3. The necessary facts, on which the appellant's claim for priority to the extent of Rs. 850 rests, may now be stated. Plaint item 3 was originally owned by one Kaveri Ammal. She executed an othi deed (usufructuary mortgage) in favour of one Nagammal under a registered document dated 9-9-1940, to secure a debt of Rs. 850. The first defendant purchased the property from Kaveri Ammal under a conveyance dated 21-5-1954, agreeing to discharge Nagammal's mortgage in part payment of the consideration due for the purchase. He failed to do so, and executed an othi deed dated 4-4-1947 in favour of Radhakrishnammal securing a debt of Rs. 1600. He got Rs. 750 cash from Radhakrishnammal and directed her to dischargeHagammal's mortgage. Radhakrishnammal paid Rs. 850 to Nagammal, discharged her mortgage and obtained possession of the hypotheca. On 23-5-1954. Radhakrishnammal assigned her mortgage right to the fourth defendant for proper consideration and thus the fourth defendant came to occupy the position of an usufructuary mortgagee. Her contention is that Radhakrishnammal got sub-rogated to the rights of Nagammal who was a prior incumbrancer to the plaintiff. As already stated, the plaintiff obtained the suit mortgage only on 1-11-1944. The fourth defendant as the assignee of Radhakrishnammal is entitled to stand in her shoes, but the question is whether Radhakrishnammal has a valid claim of subrogation under Section 92 of the Transfer of Property Act, in respect of Nagammal's mortgage which she admittedly discharged.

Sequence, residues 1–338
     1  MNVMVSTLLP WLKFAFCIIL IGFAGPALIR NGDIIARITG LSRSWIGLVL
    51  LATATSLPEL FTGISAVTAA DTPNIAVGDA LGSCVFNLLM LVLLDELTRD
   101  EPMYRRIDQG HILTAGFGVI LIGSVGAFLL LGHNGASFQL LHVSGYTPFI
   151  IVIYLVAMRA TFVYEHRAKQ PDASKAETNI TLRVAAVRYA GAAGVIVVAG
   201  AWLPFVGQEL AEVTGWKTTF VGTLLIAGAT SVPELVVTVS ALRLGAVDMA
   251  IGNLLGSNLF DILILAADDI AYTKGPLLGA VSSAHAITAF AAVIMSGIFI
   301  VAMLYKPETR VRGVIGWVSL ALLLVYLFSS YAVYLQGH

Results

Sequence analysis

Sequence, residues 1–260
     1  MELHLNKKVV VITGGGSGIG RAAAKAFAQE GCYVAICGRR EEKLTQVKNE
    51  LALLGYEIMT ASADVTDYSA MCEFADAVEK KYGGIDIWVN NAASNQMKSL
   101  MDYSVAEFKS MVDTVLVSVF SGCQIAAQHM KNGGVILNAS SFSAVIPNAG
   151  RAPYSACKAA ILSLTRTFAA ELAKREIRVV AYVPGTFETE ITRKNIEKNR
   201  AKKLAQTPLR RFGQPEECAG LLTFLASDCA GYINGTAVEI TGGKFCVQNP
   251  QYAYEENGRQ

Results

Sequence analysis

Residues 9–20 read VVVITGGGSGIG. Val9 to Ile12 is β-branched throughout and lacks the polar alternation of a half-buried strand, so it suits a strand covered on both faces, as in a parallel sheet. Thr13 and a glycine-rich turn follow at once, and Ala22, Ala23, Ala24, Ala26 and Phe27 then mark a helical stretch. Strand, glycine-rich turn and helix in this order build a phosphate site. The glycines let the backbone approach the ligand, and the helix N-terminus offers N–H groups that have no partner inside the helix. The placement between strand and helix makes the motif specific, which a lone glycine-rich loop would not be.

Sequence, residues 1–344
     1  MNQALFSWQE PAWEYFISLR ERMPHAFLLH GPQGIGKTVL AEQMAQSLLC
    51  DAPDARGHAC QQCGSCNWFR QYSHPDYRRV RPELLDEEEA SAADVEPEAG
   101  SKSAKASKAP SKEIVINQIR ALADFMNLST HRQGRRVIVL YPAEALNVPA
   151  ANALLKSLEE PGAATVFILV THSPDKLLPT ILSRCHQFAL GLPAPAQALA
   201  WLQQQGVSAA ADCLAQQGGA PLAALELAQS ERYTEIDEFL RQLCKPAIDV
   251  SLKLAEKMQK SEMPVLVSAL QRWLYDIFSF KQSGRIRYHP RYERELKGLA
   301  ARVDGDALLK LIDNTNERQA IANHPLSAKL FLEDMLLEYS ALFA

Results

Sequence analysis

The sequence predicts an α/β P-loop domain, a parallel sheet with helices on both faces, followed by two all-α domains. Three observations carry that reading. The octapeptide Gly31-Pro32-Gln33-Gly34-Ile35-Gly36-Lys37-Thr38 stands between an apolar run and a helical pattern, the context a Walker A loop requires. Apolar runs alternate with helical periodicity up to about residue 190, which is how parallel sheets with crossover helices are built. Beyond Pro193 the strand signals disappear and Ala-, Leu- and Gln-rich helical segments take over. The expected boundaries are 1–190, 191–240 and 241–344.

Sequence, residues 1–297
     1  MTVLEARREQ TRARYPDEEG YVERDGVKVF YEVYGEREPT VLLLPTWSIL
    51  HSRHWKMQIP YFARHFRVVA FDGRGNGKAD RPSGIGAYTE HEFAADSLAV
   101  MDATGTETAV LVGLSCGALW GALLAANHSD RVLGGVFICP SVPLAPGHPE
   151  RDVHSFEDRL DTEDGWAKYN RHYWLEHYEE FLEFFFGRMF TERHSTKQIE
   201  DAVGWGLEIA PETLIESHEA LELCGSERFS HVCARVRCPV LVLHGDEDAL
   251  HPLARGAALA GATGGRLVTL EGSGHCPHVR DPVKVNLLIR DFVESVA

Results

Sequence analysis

4. The relevant provisions of the Transfer of Property Act relating to subrogation are :
'91. Besides the mortgagor, any of the following persons may redeem, or institute a suit for redemption of the mortgaged property, namely :
(a) any person (other than the mortgagee of the interest sought to be redeemed) who, has any interest in, or charge upon, the property mortgaged or in or upon the right to redeem the same;...... 92. Any of the persons referred to in Section 91 (other than the mortgagor) or any co-mortgagor shall, on redeeming property subject to the mortgage, have so far as regards redemption, foreclosure or sale of such property, the same rights as the mortgagee whose mortgage he redeems may have against the mortgagor or any other mortgages.